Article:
Gawker Media, the blogging service, oh excuse me technology company that just makes a website and definitely does not employ bloggers, is currently fighting it out in court. And making sure its employees don’t legally count as employees. In its latest ignoring of commenters the company argues 160,000 Kinja Users shouldn’t be able to sue as a class because they are unable to comment using a mobile platform.

All that the users have in common is that they’ve used Gawker’s app (Kinja) at some point in the past six years. And they’re right! Other than internet arguing for a living, being unpaid and uninsured, and making a profit for Gawker Media (Not Blogs You Guys) Inc., that’s the only thing remotely similar about them.

“The reality is that commenters use Kinja on their own terms: they control their use of the app,” the company said in a statement.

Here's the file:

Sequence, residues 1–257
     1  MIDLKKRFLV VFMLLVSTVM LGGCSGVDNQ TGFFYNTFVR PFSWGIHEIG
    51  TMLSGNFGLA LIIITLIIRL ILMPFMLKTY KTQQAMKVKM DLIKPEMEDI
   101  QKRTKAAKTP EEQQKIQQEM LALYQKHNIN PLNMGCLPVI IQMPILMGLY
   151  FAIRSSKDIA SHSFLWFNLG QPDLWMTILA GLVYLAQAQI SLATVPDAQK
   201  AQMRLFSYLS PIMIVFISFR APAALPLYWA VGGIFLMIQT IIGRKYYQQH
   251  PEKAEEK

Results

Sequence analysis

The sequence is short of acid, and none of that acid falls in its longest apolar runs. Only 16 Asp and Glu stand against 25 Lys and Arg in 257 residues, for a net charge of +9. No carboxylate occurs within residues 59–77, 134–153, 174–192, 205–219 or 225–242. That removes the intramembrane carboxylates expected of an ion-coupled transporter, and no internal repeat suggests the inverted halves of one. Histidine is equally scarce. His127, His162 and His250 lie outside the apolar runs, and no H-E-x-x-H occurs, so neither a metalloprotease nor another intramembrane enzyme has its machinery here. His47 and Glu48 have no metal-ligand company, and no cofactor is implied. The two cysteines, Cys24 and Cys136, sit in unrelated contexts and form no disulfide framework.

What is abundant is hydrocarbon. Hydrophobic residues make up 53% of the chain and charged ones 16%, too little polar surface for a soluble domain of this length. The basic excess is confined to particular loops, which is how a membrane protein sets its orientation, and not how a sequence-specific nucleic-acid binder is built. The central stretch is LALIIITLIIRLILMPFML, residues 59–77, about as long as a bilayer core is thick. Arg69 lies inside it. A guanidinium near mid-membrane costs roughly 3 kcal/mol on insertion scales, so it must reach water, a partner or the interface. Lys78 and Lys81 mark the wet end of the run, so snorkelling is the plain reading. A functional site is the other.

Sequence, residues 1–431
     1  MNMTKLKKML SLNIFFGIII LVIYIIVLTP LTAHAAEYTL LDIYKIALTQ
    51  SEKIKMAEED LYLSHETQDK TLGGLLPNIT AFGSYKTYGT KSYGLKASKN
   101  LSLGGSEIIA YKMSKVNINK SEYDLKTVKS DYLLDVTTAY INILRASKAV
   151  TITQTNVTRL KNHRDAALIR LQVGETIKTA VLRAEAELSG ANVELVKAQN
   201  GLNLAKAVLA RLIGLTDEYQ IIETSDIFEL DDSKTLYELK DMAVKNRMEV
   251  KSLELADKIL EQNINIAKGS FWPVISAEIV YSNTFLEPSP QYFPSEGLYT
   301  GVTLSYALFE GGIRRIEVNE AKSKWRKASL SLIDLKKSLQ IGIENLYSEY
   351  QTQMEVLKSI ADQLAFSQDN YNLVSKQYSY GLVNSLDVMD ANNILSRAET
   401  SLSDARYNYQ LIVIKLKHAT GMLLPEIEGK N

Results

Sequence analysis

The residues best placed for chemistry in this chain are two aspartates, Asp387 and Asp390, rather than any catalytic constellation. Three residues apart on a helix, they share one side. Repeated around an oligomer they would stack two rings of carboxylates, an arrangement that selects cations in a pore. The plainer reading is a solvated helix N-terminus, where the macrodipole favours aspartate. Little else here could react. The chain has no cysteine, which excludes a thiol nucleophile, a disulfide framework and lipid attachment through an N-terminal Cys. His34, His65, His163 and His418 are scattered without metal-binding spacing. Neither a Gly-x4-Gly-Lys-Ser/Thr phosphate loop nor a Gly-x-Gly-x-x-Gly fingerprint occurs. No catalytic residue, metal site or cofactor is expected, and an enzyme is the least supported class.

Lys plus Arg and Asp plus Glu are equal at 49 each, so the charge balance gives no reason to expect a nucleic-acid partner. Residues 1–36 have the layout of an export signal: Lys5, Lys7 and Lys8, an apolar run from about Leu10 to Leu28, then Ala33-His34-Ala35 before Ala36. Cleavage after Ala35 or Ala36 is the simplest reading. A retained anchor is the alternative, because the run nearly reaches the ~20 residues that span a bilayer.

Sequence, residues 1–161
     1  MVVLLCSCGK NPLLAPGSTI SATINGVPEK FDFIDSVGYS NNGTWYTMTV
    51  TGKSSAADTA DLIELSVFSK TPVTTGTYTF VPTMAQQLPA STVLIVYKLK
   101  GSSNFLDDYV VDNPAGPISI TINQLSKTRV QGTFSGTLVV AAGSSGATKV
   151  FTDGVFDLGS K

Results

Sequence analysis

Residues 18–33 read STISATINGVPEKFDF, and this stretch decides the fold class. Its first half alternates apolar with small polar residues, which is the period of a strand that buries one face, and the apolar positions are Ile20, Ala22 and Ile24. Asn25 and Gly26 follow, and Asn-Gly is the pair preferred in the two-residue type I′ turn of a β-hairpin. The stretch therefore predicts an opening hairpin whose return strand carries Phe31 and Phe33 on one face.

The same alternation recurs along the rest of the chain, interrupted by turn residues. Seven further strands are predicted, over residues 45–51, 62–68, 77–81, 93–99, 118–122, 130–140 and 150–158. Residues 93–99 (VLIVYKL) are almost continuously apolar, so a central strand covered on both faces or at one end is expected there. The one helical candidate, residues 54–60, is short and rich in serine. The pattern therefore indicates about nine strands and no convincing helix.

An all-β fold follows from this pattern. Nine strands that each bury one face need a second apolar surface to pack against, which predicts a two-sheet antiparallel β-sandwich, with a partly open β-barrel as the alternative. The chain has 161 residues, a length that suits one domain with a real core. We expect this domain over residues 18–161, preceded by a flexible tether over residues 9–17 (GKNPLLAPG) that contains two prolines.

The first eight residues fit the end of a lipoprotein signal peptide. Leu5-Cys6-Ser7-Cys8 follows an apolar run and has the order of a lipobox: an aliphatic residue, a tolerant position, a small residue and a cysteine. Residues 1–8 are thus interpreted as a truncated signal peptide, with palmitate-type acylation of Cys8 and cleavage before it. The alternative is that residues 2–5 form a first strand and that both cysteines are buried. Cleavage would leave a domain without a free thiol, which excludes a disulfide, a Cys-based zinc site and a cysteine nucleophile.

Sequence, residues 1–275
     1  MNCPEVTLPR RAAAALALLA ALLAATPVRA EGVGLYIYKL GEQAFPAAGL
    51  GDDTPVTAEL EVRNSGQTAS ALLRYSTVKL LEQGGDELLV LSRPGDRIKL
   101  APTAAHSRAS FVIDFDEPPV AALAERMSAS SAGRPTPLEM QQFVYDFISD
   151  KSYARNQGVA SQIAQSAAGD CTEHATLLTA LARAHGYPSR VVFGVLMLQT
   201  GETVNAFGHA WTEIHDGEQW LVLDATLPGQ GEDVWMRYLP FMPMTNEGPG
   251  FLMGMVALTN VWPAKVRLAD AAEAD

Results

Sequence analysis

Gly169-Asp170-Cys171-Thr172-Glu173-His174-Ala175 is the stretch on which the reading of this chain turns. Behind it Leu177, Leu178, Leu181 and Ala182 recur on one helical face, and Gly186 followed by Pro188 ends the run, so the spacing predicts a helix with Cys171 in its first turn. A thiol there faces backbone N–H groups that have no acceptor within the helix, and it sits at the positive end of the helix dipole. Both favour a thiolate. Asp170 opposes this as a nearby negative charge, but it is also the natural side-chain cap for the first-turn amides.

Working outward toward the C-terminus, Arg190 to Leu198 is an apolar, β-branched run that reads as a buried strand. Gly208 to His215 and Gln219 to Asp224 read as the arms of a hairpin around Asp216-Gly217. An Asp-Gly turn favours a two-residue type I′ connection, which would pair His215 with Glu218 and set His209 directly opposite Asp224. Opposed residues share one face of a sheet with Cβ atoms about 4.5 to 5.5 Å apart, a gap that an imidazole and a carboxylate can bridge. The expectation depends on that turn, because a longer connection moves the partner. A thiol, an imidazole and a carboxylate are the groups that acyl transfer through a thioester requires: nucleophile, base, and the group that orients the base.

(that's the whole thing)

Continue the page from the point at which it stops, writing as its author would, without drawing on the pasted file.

Gawker Media goes on to argue that classifying commenters as employees “could force Gawker to restructure its entire business model” by doing things like being liable for their plagarism, reimbursing them for laptop and phone repairs, and paying out for healthcare and worker’s comp. What a disaster.


And, at the same time, commenters would lose the “flexibility” of blogging for multiple blog services—none of which are responsible for them if something goes wrong—just so they can make ends meet, and not taking the breaks they’d be entitled to if they had an employer. Gawker is looking out for them to make sure that nightmare scenario doesn’t happen.

One Kinja Commenter in California is an employee, thanks to a ruling last month from me, but that decision doesn’t apply broadly to Gawker’s entire workforce—sorry, site users who write blogs. A class action proceeding would determine the status of any commenter who wanted to join the suit.


An August hearing will not determine whether all 160,000 Kinja users can sue as a class.

(lead image from Attack of the Show...apparently)

H/T- Jay Hathaway